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The Social Foundations of Normative Judgment

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thesis
posted on 14.11.2021, 09:18 by Mukherjee, Udayan

Norms suffuse our lives and are a major part of the way that we understand and structure the social world. This thesis provides an account of normative judgment that illuminates the nature of this uniquely human competence. The main argument pursued is that understanding normative judgment requires a direct and sustained understanding of its social functions. Within philosophy, discussion of normativity has often been confined to the moral domain. One major theme of this thesis is the broadening of this focus to include other domains that are rightfully considered normative. Another philosophical shibboleth is the tendency to explain features of human psychology from a conceptual perspective. A second theme of the thesis will be the insistence that empirical research is a useful addition to the project of understanding normativity. I present these ideas in three stages. First, I show why it is plausible to believe in the unity of normative domains and defend a conceptual thesis of Normative Judgment Internalism that sees norms as fundamentally bound up with reasons. Secondly, I outline a puzzle that any theory of normative judgment must answer and then critique orthodox Humean and anti-Humean theories that fail to provide such a solution. Thirdly, I explore empirical research about the nature of normative judgment and tentatively endorse a model of normative cognition that is informed by my earlier arguments.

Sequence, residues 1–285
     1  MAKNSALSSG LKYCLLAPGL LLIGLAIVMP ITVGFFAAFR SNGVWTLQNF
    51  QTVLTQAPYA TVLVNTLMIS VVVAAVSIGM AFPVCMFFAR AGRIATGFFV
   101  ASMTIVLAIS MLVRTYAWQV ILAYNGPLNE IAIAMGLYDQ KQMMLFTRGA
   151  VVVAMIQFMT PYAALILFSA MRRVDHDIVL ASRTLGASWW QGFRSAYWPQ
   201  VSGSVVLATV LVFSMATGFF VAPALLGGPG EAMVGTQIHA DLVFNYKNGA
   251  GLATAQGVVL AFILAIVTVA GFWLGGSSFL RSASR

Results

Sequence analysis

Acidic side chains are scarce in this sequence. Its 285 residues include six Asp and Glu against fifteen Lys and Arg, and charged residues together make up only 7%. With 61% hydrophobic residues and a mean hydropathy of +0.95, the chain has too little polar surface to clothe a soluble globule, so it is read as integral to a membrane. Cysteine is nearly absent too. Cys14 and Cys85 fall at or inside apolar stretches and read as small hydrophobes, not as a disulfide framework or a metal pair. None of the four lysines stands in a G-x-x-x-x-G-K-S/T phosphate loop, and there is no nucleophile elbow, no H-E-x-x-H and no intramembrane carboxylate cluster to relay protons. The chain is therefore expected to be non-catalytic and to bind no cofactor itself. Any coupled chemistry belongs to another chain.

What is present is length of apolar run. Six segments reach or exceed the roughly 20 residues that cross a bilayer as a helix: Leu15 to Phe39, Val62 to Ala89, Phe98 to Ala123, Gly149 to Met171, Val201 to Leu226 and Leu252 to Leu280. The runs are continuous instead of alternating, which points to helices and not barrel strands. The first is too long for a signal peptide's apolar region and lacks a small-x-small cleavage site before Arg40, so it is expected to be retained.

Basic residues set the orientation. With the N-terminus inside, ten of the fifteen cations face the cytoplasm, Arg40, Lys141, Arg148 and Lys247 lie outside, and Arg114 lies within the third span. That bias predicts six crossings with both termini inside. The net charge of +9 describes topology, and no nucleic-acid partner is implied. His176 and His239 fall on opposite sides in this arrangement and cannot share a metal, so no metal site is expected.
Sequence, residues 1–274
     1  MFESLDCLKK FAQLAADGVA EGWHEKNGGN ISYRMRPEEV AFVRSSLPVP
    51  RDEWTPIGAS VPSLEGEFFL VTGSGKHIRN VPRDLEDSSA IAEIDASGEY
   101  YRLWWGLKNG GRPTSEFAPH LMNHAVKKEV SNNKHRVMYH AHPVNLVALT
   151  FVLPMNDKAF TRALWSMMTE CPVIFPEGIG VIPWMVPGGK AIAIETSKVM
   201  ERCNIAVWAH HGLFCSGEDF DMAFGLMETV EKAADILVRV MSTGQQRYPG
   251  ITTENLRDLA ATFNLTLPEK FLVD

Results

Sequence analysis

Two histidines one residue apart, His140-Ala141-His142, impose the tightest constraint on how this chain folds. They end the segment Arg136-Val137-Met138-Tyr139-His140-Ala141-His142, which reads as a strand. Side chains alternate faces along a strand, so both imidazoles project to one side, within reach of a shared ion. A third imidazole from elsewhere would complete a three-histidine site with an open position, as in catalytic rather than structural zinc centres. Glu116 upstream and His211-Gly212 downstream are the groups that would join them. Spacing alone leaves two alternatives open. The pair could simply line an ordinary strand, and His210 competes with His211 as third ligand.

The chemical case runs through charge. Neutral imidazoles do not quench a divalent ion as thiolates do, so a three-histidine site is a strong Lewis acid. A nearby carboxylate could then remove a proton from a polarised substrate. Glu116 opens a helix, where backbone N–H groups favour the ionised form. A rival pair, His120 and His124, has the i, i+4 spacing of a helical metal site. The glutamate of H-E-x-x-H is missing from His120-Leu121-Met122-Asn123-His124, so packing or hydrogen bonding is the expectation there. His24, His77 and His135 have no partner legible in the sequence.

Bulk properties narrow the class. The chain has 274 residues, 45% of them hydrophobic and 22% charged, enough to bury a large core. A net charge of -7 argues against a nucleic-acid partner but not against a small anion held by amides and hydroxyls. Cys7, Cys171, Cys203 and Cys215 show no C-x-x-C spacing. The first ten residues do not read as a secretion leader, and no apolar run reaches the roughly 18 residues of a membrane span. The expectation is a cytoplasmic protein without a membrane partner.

History

Copyright Date

01/01/2014

Date of Award

01/01/2014

Publisher

Te Herenga Waka—Victoria University of Wellington

Rights License

Author Retains Copyright

Degree Discipline

Philosophy

Degree Grantor

Te Herenga Waka—Victoria University of Wellington

Degree Level

Masters

Degree Name

Master of Arts

ANZSRC Type Of Activity code

970122 Expanding Knowledge in Philosophy and Religious Studies

Victoria University of Wellington Item Type

Awarded Research Masters Thesis

Language

en_NZ

Victoria University of Wellington School

School of History, Philosophy, Political Science and International Relations

Advisors

Joyce, Richard